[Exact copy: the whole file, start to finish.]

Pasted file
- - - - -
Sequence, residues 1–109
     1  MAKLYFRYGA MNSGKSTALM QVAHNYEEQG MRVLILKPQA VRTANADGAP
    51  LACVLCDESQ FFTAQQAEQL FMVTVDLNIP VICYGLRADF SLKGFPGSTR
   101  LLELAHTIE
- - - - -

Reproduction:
Sequence, residues 1–109
     1  MAKLYFRYGA MNSGKSTALM QVAHNYEEQG MRVLILKPQA VRTANADGAP
    51  LACVLCDESQ FFTAQQAEQL FMVTVDLNIP VICYGLRADF SLKGFPGSTR
   101  LLELAHTIE